I haven't put out a solo project in three years, so this is the first since 2015 and I stopped making music for a while. SoundCloud wasn't around when I started. It was all about Live Mixtapes. If you got your project at the top Live Mixtapes you were on. I recorded in Atlanta most the time and a little bit in Los Angeles. 

Was there anything in particular that inspired you when creating this project?

Atlanta life at home was inspiring my music. I'm inspired by great people, not anybody new. Old Kanye, for sure. New Kanye, not so much. 

I feel like you catered to multiple audiences with the range classic Atlanta trap to the sound we hear nowadays from Soundcloud rappers dominating the industry.

That's because Key! and I made that sound. A lot people know that. A lot fans do. The internet is low-key police. They go back and read some shit to understand. I make music f my mood. I don't sound like anybody since everybody sounds the same now. I made sure I didn't do that. 

How did you manage such a star-studded affair as an independent artist?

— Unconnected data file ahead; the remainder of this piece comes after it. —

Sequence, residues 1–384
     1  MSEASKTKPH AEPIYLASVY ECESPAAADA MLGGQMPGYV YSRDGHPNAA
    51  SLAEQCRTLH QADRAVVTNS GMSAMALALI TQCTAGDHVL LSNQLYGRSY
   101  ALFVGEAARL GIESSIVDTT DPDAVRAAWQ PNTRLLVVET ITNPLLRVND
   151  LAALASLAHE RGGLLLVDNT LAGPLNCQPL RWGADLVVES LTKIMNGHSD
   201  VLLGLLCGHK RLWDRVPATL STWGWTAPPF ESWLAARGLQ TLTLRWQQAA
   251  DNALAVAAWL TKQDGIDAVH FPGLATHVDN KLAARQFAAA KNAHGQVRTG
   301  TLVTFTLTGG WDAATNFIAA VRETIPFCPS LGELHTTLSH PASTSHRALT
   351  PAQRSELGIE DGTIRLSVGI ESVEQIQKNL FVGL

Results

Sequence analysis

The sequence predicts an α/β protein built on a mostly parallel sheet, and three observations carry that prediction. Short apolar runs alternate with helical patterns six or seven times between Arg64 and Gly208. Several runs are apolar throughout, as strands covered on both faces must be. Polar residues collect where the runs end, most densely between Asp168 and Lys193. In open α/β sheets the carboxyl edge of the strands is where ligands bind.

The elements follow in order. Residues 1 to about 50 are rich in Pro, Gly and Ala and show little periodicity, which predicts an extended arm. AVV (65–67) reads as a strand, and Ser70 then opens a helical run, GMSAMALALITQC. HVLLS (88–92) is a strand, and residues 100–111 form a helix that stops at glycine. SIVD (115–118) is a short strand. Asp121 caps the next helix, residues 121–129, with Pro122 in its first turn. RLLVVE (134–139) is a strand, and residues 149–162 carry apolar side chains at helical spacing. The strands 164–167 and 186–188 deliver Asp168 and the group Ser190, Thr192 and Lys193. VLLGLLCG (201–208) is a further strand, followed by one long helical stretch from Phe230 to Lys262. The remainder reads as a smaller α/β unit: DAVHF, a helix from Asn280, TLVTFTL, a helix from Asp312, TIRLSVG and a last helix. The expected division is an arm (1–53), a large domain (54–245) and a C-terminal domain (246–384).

I originally met a lot music people through skating. They all were like, "Damn, you're tight." They all take a lot shit from me. So, when it was time for me to go up, I disappeared. It's inevitable now, can't nobody stop me. I saw Ty Dolla $ign in Atlanta and we went to a restaurant and ran into him. He was like, "Is your album done?" I told him, "Nah." He goes, "Well, it ain't done if I'm not on there." I told him, "I actually have a song for you." Then he sent it right back.

I've seen you post a bunch rare photos with artists like Young Thug, Donald Glover and Drake.

I be with Young Thug like every day. Donald Glover] is the homie, I can text him and he'll text me right back. Drake] knows what's up too. Drake knows everything, he's like the all-seeing eye. He's cool and people try to give him slack. He's doing what a great artist does. He knows there's someone below him working just as hard as him to get to where he is. Lil Baby and all them had their own wave, but Drake puts them on a platform to more people.